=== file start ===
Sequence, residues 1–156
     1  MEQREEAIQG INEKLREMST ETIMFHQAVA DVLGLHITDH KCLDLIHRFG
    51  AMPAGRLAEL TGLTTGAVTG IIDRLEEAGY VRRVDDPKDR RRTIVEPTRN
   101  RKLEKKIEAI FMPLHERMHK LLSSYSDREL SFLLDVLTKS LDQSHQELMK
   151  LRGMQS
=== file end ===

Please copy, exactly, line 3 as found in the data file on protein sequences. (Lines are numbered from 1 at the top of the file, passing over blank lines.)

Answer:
    51  AMPAGRLAEL TGLTTGAVTG IIDRLEEAGY VRRVDDPKDR RRTIVEPTRN